In the midst of all the sham, scam, and flimflam in journals today, here’s a story of a real-life data detective who makes a difference:
By day, [John] Carlisle is an anaesthetist working for England’s National Health Service in the seaside town of Torquay. But in his spare time, he roots around the scientific record for suspect data in clinical research. Over the past decade, his sleuthing has included trials used to investigate a wide range of health issues, from the benefits of specific diets to guidelines for hospital treatment. It has led to hundreds of papers being retracted and corrected, because of both misconduct and mistakes. And it has helped to end the careers of some large-scale fakers: of the six scientists worldwide with the most retractions, three were brought down using variants of Carlisle’s data analyses.David Adam, “How a data detective exposed suspicious medical trials” at Nature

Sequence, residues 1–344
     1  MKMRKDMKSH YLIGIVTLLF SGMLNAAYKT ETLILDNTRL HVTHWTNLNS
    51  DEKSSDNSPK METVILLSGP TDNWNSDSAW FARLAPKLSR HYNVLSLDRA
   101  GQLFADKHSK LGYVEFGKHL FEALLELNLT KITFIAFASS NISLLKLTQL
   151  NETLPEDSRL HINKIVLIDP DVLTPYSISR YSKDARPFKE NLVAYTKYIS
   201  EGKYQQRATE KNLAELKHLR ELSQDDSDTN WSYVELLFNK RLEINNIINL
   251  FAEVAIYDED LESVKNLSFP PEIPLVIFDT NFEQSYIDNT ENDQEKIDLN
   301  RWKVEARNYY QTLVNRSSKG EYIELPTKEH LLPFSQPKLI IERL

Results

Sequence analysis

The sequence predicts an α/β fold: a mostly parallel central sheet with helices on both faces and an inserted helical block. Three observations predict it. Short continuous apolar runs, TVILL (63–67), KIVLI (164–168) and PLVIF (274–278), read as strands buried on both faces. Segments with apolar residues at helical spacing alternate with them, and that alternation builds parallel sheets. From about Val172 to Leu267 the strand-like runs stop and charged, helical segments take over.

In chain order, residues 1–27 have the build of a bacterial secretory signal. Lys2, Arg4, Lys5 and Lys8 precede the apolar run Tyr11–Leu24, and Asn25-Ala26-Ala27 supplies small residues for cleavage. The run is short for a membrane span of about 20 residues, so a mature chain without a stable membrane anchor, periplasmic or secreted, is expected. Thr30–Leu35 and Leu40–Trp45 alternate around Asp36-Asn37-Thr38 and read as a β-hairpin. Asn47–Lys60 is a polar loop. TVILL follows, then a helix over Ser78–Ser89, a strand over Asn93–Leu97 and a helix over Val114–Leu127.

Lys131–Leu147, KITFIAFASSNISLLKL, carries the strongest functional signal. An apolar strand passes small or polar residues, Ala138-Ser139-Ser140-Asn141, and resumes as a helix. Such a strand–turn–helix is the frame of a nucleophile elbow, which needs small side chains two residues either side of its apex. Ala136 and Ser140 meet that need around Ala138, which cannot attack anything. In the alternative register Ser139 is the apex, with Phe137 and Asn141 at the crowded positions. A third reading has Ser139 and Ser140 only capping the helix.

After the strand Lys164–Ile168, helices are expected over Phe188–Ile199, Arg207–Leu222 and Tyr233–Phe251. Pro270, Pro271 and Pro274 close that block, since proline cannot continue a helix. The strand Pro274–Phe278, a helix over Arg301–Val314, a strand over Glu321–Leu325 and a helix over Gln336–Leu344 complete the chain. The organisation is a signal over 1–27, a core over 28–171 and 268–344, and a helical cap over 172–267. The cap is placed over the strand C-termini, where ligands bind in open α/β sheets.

He focuses on medicine because bad data can put lives at risk.
See also: Retraction Watch wonders: How did THIS nonsense end up in a peer-reviewed journal?
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